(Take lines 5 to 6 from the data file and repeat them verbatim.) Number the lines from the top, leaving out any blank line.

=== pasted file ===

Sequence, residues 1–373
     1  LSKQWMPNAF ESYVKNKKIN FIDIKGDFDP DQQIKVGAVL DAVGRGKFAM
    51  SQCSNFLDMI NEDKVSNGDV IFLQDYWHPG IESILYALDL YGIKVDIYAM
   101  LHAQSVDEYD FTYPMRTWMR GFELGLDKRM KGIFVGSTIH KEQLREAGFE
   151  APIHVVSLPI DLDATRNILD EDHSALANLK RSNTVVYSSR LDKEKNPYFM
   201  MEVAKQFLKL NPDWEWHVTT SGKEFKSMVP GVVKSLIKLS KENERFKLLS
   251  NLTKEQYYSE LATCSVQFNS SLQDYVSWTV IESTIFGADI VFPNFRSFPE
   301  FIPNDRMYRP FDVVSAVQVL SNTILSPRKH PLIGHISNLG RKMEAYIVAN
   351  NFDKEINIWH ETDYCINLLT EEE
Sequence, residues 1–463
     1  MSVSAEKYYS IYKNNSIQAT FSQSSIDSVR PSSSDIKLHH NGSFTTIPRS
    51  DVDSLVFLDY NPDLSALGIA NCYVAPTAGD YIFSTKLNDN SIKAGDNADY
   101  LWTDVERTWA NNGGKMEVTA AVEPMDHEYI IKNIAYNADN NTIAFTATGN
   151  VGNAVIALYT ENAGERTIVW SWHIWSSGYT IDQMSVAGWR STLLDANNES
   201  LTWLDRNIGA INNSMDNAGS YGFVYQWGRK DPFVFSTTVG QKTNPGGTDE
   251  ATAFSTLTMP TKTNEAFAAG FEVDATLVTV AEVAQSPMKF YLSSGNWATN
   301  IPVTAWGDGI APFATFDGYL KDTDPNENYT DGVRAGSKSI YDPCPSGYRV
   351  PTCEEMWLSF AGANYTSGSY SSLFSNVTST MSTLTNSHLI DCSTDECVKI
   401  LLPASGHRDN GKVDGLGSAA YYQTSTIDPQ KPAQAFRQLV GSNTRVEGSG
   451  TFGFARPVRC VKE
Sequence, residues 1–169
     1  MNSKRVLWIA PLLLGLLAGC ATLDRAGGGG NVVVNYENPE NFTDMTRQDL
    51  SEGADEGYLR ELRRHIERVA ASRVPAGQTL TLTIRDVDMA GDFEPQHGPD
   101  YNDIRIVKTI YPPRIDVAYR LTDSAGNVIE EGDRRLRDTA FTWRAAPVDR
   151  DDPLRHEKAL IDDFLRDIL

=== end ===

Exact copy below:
   151  APIHVVSLPI DLDATRNILD EDHSALANLK RSNTVVYSSR LDKEKNPYFM
   201  MEVAKQFLKL NPDWEWHVTT SGKEFKSMVP GVVKSLIKLS KENERFKLLS